The xml:id attribute is a possible candidate for such role.

Go to the table of contents.3 When Authoring XML Content

Authors of XML content should consider the following best practices:

A number of these practices can be followed only when the XML application has been internationalized properly using the design guidelines Section 2: When Designing an XML Application.

Go to the table of contents.3.1 Specify the language of the content

Having information about what is the language of the content is very important in many situations. Some of them are:

  • selection of a proper font (e.g. for traditional or simplified Chinese)

  • processing of the text for wrapping and hyphenation

  • spell-checking the text

  • selecting proper formatting properties for data such as date, numbers, etc.

  • selecting proper automated text such as quotation marks or other punctuation signs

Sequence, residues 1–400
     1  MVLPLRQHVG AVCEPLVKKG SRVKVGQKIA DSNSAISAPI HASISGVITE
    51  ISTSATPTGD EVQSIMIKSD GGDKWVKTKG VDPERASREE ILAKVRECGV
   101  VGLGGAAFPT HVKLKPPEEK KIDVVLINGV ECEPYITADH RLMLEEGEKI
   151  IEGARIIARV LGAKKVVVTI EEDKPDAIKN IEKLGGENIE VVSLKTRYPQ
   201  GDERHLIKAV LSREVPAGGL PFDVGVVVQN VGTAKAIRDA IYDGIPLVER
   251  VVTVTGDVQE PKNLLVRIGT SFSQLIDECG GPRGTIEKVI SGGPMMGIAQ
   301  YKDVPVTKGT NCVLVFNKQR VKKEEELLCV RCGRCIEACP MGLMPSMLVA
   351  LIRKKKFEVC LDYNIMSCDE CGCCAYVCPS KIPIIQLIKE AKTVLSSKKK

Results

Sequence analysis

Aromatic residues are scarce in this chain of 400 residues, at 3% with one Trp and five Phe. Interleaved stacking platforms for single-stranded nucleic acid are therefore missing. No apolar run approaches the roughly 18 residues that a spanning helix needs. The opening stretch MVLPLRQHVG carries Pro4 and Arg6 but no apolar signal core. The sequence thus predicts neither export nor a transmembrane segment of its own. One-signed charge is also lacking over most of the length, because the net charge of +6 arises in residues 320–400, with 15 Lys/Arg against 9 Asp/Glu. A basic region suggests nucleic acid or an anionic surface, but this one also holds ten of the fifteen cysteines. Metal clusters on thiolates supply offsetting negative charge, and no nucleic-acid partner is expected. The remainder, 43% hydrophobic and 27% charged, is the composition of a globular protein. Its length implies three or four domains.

Use the xml:lang attribute to specify in what language is the content of your document.

The normal way of specifying the language of a document is to declare it at the root element and, if needed, to override that initial declaration for parts of the document in a different language.

Example 7: 

In this example, the main content of the document is in English, while a short citation is identified as being in French Canadian.

<document xml:lang="en">
 <para>The motto of Québec is the short phrase:
  <q xml:lang="fr-ca">Je me souviens</q>. It is chiseled on 
  the front of the Parliament Building.</para>

Go to the table of contents.3.2 Override text directionality if needed

[Ed. note: TODO]

Go to the table of contents.3.3 Override translatability information if needed

[Ed. note: TODO]

Go to the table of contents.3.4 Assign unique identifiers to text items when possible

[Ed. note: TODO]

Go to the table of contents.3.5 Use CDATA sections with caution

[Ed. note: TODO]

Go to the table of contents.3.6 Provide comments for translators

[Ed. note: TODO]